XCEED program takes would-be entrepreneurs from idea to reality
Eric Spieth was hired to build a world-class business program from scratch in 2011.
Today, that program is XCEED, a 15-week course Spieth teaches at Central Oregon Community College.
“We wanted to create a course that would really serve both our students and the community at large,” Spieth said. “Having those two groups interfacing is very exciting for networking and collaboration.”
XCEED is composed of six classes, two credits each, designed to take a potential business owner through an entrepreneurial journey.
“In 15 weeks, you can go from idea to investment-ready business plan,” Spieth said.
Spieth envisions XCEED giving back primarily to the community.
Small business owner Ned Powers is taking XCEED even though he already has an MBA in hospital administration.
“You need a lot more than being a tinker or an inventor to develop an idea you can sell,” Powers said.
The problem with most startups that fail is the owners don’t know how to get their ideas out of their head and into their product, according to Powers. So, for “would-be business owners” who don’t have years to put into a degree, XCEED is perfect.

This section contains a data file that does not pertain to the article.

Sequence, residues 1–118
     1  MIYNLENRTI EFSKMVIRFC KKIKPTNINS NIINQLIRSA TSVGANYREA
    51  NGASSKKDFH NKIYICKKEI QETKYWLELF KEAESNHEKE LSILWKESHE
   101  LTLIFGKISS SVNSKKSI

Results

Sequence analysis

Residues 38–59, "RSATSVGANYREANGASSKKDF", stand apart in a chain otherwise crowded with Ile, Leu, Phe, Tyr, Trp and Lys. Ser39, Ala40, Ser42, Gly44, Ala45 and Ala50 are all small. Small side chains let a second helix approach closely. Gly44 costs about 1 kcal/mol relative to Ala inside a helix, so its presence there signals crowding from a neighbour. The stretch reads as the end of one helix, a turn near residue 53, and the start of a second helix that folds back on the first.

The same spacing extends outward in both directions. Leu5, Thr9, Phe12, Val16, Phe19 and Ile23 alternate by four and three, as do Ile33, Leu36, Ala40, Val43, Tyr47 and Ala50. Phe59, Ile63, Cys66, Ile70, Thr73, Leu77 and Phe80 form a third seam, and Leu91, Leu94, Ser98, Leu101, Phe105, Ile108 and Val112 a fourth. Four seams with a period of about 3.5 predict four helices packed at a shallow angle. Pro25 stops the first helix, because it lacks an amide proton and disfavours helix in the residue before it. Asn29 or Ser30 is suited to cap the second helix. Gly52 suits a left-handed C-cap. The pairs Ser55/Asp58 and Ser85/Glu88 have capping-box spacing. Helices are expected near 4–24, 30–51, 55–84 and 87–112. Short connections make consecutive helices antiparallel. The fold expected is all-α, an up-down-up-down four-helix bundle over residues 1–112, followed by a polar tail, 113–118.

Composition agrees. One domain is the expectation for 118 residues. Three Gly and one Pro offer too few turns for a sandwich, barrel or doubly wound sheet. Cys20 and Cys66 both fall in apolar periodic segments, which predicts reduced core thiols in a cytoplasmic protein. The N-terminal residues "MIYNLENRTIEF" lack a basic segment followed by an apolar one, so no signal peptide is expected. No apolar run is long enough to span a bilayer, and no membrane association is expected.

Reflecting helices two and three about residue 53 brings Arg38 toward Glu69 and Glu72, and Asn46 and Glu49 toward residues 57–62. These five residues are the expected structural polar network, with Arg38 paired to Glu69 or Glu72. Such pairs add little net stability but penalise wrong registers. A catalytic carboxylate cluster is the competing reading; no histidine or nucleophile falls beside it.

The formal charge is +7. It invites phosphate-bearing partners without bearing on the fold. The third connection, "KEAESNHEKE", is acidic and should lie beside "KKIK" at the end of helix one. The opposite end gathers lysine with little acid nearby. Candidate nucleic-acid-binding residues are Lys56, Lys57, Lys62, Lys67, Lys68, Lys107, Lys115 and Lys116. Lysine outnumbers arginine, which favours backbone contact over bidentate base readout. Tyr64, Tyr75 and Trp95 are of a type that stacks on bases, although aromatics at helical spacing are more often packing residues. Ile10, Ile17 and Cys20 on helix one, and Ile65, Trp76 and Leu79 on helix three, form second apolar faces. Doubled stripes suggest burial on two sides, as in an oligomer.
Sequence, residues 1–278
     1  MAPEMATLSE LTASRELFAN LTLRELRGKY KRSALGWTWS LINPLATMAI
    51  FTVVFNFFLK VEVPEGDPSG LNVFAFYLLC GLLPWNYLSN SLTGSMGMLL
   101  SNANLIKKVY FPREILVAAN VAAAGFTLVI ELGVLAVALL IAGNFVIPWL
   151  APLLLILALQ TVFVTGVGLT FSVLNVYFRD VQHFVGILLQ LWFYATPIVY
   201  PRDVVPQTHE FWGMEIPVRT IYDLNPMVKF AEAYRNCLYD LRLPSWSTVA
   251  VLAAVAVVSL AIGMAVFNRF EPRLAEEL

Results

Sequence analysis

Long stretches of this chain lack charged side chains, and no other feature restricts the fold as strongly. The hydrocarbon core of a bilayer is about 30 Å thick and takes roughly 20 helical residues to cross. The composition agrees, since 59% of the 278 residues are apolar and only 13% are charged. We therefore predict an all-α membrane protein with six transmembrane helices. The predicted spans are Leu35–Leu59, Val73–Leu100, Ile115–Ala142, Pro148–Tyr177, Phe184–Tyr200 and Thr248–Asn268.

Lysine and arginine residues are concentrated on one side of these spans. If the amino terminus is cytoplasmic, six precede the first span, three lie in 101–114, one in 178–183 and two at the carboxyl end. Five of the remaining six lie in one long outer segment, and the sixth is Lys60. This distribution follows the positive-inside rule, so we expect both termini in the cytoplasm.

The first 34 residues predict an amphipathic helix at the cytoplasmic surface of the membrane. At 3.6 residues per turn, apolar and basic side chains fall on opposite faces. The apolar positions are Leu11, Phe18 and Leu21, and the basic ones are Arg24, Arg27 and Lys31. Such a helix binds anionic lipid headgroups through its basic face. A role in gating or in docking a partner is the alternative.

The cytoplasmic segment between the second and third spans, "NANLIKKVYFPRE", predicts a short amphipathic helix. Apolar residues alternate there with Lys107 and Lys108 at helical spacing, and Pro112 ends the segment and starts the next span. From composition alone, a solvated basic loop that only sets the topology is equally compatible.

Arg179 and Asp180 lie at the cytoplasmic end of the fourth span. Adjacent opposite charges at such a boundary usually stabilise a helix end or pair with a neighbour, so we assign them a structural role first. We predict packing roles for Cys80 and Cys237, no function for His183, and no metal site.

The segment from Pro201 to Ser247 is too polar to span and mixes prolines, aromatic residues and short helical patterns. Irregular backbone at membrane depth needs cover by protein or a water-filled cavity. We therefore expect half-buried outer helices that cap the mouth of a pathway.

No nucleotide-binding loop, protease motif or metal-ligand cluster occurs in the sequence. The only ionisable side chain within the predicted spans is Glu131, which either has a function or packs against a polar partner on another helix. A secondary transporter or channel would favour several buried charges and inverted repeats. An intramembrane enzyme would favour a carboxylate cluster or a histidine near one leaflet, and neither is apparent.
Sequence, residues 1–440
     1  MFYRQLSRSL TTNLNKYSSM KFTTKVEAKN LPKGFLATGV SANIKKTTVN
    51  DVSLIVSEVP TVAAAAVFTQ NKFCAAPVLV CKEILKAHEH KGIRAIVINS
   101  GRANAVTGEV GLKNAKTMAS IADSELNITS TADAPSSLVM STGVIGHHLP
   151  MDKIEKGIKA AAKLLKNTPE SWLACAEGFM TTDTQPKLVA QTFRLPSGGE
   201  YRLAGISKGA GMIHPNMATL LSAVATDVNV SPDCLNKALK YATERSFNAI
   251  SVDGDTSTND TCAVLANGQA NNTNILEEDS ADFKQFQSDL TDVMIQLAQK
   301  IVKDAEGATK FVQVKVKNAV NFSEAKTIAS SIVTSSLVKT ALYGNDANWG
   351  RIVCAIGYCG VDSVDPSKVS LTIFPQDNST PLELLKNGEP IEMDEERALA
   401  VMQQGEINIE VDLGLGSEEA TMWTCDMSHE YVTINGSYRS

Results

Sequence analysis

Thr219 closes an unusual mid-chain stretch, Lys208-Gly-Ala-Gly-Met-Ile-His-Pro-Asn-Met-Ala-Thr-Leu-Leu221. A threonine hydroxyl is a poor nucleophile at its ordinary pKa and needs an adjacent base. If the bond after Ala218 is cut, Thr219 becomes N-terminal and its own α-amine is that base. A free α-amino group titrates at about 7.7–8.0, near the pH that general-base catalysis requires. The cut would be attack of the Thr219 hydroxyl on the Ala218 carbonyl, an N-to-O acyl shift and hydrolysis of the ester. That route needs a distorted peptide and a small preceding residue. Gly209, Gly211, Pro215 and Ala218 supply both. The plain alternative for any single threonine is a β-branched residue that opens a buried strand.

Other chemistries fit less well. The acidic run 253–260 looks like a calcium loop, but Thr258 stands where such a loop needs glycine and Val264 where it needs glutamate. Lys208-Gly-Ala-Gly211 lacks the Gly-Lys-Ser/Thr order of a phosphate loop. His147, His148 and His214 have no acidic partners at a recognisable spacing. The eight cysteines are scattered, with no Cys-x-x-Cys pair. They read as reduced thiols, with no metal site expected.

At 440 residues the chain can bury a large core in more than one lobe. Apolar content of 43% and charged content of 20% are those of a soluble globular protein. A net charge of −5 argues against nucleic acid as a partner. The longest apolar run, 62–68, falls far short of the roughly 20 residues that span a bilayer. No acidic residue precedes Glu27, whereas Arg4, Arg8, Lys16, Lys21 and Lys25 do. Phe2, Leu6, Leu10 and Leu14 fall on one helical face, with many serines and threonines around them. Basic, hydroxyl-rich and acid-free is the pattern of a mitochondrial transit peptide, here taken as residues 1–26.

“It’s like a mini-MBA,” Powers said.
Powers is currently in the final section of the class, “Presenting to Win,” where he’s learning how to get funding for his business.
Richard Farr, C.E.O. of ConversionMax, a Bend consulting business, built his startup into a successful business during the course. Farr learned to “look at the big picture” and discovered ways to look at it from “different angles.”
The program is only for people who are serious about building a business, according to Farr.
“If you just want to take a class,” Farr said, “it might not be for you.”
Businesses like Farr’s and Powers’ are why XCEED exists, Spieth explained. He sees XCEED developing businesses that go outside of Central Oregon but bring capital and jobs back locally.
“Twenty percent of new job creation comes from small businesses. If we can create one or two or three viable businesses in Central Oregon a year, that would be a viable outcome.” Spieth said. “The future depends on a startup economy.”